In the offices of some National Football League franchises, owners and general managers spit out Howard Slusher’s name from between clenched teeth … . ”I don’t have to be put through the wringer,” said Art Modell, the owner of the Cleveland Browns. ”My preference, given our experience, is not to do business with him.”

After this, taking a few hundred grand from UO’s VP for Finance Frances Dyke must barely budge Slusher’s pulse. So how did Slusher end up with Nike, and on the other side of the table from UO? No idea.

The irony of all this is that the money Slusher is asking UO to pay for the Jaqua Center is only there because the NCAA has been able to keep college athletes under an even stricter hiring cartel than the NFL one that Slusher broke up. We pay them nothing and make them redshirt for a year if they have the nerve to transfer to a team that will be better for their career.

The difference between the old NFL and college is that in college the coaches get the resulting profits, not the owners.  Someday there will be a Howard Slusher for the college athletes too – we saw a glimmer of that when LeGarette Blount’s lawyer got Coach Chip Kelly and UO President Richard Larviere to back down and reinstate him. When that happens – well, it won’t really matter much. There will be a little less money because the fans will be a little more cynical. The players will get what there is, instead of the coaches. Whatever.


1/21/2010: This is a pretty amazing story about former UO AD Bill Moos and his replacement Pat Kilkenny, from Ron Bellamy in the RG yesterday. I missed it, thank for the tip, Anonymous. It’s just bizarre. What are these people doing messing around with universities? Can anyone tell me the point to any of this?

In the end, he fell out of favor with Oregon’s chief benefactor, Nike chairman Phil Knight, whose generosity had been essential to Moos’ accomplishments and was essential to building a new basketball arena. So Moos was forced out late in 2006 and he was given the aforementioned settlement agreement, largely financed by the UO donor who would become his successor, Pat Kilkenny.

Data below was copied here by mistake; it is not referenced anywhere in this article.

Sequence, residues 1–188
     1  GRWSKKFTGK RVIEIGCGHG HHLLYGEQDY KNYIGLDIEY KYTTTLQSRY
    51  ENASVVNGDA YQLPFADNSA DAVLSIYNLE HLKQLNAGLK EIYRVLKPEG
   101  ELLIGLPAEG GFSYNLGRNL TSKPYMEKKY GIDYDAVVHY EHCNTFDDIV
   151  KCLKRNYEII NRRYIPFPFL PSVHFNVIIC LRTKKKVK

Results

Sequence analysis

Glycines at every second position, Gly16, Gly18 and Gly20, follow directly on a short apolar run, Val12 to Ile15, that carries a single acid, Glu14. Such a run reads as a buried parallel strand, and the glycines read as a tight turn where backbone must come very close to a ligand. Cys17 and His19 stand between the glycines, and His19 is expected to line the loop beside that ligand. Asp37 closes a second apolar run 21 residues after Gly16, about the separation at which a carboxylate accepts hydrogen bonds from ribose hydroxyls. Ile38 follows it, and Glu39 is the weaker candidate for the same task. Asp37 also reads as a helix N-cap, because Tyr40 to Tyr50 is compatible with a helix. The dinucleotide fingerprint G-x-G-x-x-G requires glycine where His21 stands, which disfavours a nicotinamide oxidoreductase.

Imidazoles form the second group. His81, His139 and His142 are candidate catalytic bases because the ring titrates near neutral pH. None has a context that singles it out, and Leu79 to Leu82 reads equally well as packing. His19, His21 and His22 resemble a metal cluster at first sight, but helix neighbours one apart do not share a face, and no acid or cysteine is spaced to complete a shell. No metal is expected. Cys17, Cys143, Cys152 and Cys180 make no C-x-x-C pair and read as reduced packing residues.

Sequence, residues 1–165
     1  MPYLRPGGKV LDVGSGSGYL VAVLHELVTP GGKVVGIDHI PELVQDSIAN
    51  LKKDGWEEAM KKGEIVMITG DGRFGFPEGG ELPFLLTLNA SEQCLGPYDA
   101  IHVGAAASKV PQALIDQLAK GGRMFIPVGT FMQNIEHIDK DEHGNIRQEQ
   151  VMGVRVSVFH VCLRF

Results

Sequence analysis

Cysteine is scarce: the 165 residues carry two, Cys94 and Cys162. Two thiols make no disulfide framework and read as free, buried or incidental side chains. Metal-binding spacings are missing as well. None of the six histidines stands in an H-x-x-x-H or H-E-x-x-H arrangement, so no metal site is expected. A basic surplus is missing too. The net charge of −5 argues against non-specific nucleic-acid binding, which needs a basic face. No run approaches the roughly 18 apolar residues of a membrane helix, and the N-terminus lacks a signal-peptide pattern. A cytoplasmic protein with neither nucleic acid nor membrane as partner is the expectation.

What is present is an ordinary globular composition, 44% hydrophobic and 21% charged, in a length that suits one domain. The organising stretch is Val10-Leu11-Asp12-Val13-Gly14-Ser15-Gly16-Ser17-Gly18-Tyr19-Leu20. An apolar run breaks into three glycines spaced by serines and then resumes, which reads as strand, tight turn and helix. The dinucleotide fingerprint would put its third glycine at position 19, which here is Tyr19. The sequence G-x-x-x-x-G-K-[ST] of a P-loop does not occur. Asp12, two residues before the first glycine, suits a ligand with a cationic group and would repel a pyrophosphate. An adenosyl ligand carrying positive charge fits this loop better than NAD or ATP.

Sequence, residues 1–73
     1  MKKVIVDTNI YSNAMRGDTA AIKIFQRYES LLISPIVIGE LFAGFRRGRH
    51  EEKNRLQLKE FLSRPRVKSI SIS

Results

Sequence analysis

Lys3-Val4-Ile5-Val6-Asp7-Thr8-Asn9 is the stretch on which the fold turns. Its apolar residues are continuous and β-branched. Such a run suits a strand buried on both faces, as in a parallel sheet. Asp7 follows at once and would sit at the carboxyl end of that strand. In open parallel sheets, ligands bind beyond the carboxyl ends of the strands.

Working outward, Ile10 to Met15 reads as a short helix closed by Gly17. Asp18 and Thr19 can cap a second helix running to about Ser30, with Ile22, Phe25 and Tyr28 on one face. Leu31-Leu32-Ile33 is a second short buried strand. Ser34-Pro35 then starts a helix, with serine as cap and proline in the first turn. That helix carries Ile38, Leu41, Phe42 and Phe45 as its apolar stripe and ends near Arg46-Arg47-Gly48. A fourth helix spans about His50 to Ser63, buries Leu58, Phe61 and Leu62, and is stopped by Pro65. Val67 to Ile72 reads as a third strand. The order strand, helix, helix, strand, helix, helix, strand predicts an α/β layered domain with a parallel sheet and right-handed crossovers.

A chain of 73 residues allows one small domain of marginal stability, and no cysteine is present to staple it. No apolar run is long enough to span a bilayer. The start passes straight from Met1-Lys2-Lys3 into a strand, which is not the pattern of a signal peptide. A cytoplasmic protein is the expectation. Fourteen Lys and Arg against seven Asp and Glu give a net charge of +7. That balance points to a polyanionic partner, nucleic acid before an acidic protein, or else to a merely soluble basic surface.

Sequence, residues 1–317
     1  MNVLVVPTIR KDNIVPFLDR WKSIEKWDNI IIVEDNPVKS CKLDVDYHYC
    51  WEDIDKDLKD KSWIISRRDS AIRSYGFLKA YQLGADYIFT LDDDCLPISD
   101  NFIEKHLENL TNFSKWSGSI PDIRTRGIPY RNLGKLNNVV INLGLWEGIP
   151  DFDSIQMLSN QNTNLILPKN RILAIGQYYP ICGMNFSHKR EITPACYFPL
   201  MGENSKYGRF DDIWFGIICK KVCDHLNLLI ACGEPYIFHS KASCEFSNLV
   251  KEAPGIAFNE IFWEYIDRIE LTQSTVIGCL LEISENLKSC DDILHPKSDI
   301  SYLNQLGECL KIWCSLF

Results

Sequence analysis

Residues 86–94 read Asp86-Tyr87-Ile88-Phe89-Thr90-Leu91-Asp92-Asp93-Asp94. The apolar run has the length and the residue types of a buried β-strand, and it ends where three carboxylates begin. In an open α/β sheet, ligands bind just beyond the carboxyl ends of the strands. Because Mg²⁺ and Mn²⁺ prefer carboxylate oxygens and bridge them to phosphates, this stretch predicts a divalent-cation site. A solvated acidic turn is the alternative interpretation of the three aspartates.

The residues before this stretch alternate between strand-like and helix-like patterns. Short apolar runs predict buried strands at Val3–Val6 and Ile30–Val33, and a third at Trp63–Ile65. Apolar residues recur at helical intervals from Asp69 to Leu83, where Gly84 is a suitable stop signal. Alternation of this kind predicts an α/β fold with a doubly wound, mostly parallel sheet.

But it seems clear that that Oregon raised the prospect that Moos would lose the $1.4 million remaining on his agreement if he took the UNLV job and tried to cut a deal. Just to save money? Out of vindictiveness? Who knows?
Kilkenny, who largely financed the buyout and says he’s never actually read the agreement, said he’s already paid virtually all of his share of the buyout into a fund. “If you’re asking from a financial perspective if it’s material to me, it’s not,” Kilkenny said adding: “What the university agreements were and what those details are, I generally understood what it was, but it wasn’t anything that was done on my watch, so I never went back and looked at it.”
What’s Oregon’s explanation? UO general counsel Melinda Grier has neither returned phone calls nor responded to requests for interviews, including written questions, submitted through Phil Weiler, the UO senior director of communications.
And then the illustrious and irrepressible former UO President and endowed Knight Chair in Law, past Oregon Attorney General, one-time gubernatorial candidate, current Professor of a UO Honors College course on the “Theory of Leadership”, and conduit for $350,000 in Pat Kilkenny donations Dave Frohnmayer chimes in:
“I don’t want to make any judgment about that because I wasn’t party to the hammering out of that specific language, other than approving the final contract, and that was not a matter of particular focus,” Frohnmayer said. “I can’t really shed much light on that.”
He approved the final contract but he can’t shed light on it. It was all a bunch of real complicated legal stuff, is that it Dave?

So why doesn’t new President Richard Lariviere just tear up the contract and let Moos go on his way? Because the athletic department lost $1 million last year. Next year they’ve got to start covering the $15 million Arena bond repayments, figure out how to fund Chip Kelly’s new contract, hire a replacement for Kent, and so on. Lariviere has to kowtow to Knight and Kilkenny because the academic side is legally on the hook for any deficits. Lariviere has no choice about UO’s future: Knight and Kilkenny have owned it since the day they convinced Frohnmayer to borrow $270 million for their Arena, in UO’s name.

So why did Frohnmayer start UO down this one-way road? I’m sure it’s his love of sports, not the $50,000+ per year he got from Knight and the $350,000 Kilkenny’s “Lucky Duck Foundation” sent to Frohnmayer’s Fanconi Foundation. This couldn’t get any sadder.

But it can get more absurd. Kilkenny apparently got a tax deduction for the $2 million he used to buy out Moos so that he could take his job – because the IRS says donations to university athletic departments help provide an important public good.

Graduation on Monday?

1/20/2010: This was news to me, from Jill Kimball in the ODE: